63: Monday, May 12 vs Nationals
Ladies and gentlemen, if you can't hear me or I have to stop speaking for a moment so you can hear me, it is not a technical difficulty on the part of Shea Stadium's often erratic public address system. It is almost certainly for the same reason conversations have been interrupted, batters have been stepping out of the box and pitchers have been leaving the rubber for 45 seasons.
It is the airplanes.
We have a very famous neighbor just slightly to our north, LaGuardia Airport. While it is in many respects a fine airport, one once voted the greatest in the world by those who made their living in aviation, its presence may not make for ideal company during a ballgame. While passengers on the planes overhead no doubt thrill to a glimpse of Shea Stadium, the players on the field and the fans in the stands have mostly tolerated and learned to live with some pretty powerful jet noise.
But the airplanes are a part of the Shea Stadium scene, just as we sense they will be around when Citi Field opens, so we may as well acknowledge the unusual role they have played at Shea. To do so, we have asked Anthony Coscia, chairman of the Port Authority, the government agency that runs LaGuardia, to remove number 63 from the right field wall. Anthony's being such a good sport about representing noise and distraction, we have asked to join him the one Met more likely than any other to disrupt air traffic from below.
He hit 73 Shea home runs in two tours as a New York Met, and seemingly each and every one of them was a cause for concern among pilots flying into and out of LaGuardia. It's no wonder that he once did television commercials for United, one of the airlines that flies regularly from the airport next door. Please welcome back to Shea the slugger more likely than any other on any given day to reach the clouds and part the jets, Dave Kingman.
62: Tuesday, May 13 vs Nationals
Ladies and gentlemen, there are many factors that have made Shea Stadium one of the most distinct ballparks in America, none of them as juicy and tasty, however, as what we can rightly call its native crop.
How many stadiums do you know where tomatoes were grown as a matter of course? We refer, naturally, to the agriculture in the home team bullpen, the tomato plants that for decades were an integral part of the Shea scene.
One man was more responsible for those tomatoes than any other. He was the planter, the farmer and the inspiration, to say nothing of a pretty fair tutor of relief pitchers across 14 seasons. Please give a warm hand to coach Joe Pignatano as he trots out to right field to remove number 62 and then, presumably, continues into the Mets bullpen to check on the soil.
61: Wednesday, May 14 vs Nationals
As Mets fans, ladies and gentlemen, it is your inclination to root, root, root for the home team. It has never been common to cheer an opponent at Shea Stadium. It is almost unheard of today unless it is for a certifiable superstar.
The man whom we have asked to take down number 61 would be the first to tell you he was no superstar, just a guy doing his best. Sometimes, because he is human, his best wasn't good enough. Unfortunately for our special guest, the fates were not with him on the biggest stage baseball has to offer, the World Series. In one game, Game Two, he made three errors and his team lost in extra innings. The club owner for whom he worked was not pleased and attempted to circumvent the rules regarding postseason rosters and attempted to have him replaced by another player. A firestorm of protest erupted and this player's place was preserved.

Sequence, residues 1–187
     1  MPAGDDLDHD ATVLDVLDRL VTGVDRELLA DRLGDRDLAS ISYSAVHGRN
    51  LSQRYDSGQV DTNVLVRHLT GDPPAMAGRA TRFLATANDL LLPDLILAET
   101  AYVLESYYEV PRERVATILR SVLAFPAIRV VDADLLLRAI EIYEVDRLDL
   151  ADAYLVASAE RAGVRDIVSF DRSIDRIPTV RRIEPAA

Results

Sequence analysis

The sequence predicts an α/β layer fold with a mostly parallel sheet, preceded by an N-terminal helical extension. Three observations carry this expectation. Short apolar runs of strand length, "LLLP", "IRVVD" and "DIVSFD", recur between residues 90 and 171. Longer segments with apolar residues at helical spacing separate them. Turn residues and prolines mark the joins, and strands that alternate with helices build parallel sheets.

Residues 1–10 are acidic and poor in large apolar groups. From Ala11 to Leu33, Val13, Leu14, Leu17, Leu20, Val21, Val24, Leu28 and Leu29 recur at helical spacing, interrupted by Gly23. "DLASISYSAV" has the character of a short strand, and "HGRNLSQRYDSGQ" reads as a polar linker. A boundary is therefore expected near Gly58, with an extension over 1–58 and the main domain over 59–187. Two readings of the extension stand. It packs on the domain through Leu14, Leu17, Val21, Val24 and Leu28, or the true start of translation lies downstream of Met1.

The World Series in question was 1973, which means the action began in Oakland and shifted to Shea Stadium, which is why we honor A's infielder Mike Andrews here tonight. Mets fans recognized the raw deal Mike was receiving from Charlie Finley, so when he came to bat as a pinch-hitter in the fourth game of that Fall Classic, Mets fans rose as one and supported him with a long and loud ovation. They gave him a second round of applause as he made his way back to the Oakland dugout after he grounded out.
Mike never forgot the reception he got at Shea, normally a tough place for visitors to play, that much more intense with a world championship on the line. Mike would say of Mets fans, “The ovations gave me chills, it surprised me. I don't think I've ever had a standing ovation in my life. To me that meant everything.”
Mike retired after that World Series, the only career appearance at Shea Stadium for this lifelong American Leaguer. We thought it would be appropriate to have him back here once more. Ladies and gentlemen, please remind Mike Andrews what good fans Mets fans are.
60: Thursday, May 15 vs Nationals
Ladies and gentlemen, if you own a 2008 media guide, available at Shea concessions, or have visited rich and informative Web sites like Ultimate Mets Database or Mets By The Numbers — now available in book form — you know where to find a list of every player who has ever played as a Met. Yet one of the most lovable Mets of his era won't show up in any of these reputable reference sources.
Nevertheless, Mets fans will always remember the contributions infielder Chico Escuela stitched into the fabric of the 1969 and 1973 Mets even if the boxscores from those seasons don't reflect his presence. He is probably better recalled for his comeback attempt, tracked ably by Weekend Update anchor Bill Murray, during the spring of 1979 when he had to overcome the doubts and grudges that arose from his classic tell-all volume, Bad Stuff 'Bout The Mets. Anyone who remembers 1979 would have to admit there was plenty of Bad Stuff to write 'Bout The Mets in those days, but Chico's presence in blue and orange surely was one of the better things the franchise had going then. You might even say he was “berry, berry good” for the Mets. He certainly brought laughter to a fan base mired in an understandably dark mood.
Chico Escuela lit up Shea on Old Timers Day in '79, appearing alongside “other” members of the '69 Mets at their first on-field reunion, and baseball was better off for it. Unfortunately, Chico had a speaking engagement this afternoon and couldn't make it when we called and asked him to take down number 60 from the right field all as homage to his many fine years as a Met. But Chico being Chico, he was thoughtful enough to send in his place a great performer in his own right, a cast member on Saturday Night Live at the exact same time Chico was making his Met comeback. Please give a berry, berry big welcome to Garrett Morris.
Numbers 72-67 were revealed here.